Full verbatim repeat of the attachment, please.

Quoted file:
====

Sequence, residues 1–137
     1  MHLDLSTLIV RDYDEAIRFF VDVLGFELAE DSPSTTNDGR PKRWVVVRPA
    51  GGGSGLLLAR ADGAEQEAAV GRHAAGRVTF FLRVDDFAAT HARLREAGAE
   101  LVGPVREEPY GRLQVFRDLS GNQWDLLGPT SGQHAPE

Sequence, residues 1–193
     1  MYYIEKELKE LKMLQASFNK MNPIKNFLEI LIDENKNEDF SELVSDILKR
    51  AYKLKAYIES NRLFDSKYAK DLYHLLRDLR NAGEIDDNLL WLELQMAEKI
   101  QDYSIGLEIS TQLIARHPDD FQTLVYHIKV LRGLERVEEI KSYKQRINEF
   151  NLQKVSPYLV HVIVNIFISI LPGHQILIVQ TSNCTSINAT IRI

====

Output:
Sequence, residues 1–137
     1  MHLDLSTLIV RDYDEAIRFF VDVLGFELAE DSPSTTNDGR PKRWVVVRPA
    51  GGGSGLLLAR ADGAEQEAAV GRHAAGRVTF FLRVDDFAAT HARLREAGAE
   101  LVGPVREEPY GRLQVFRDLS GNQWDLLGPT SGQHAPE

Sequence, residues 1–193
     1  MYYIEKELKE LKMLQASFNK MNPIKNFLEI LIDENKNEDF SELVSDILKR
    51  AYKLKAYIES NRLFDSKYAK DLYHLLRDLR NAGEIDDNLL WLELQMAEKI
   101  QDYSIGLEIS TQLIARHPDD FQTLVYHIKV LRGLERVEEI KSYKQRINEF
   151  NLQKVSPYLV HVIVNIFISI LPGHQILIVQ TSNCTSINAT IRI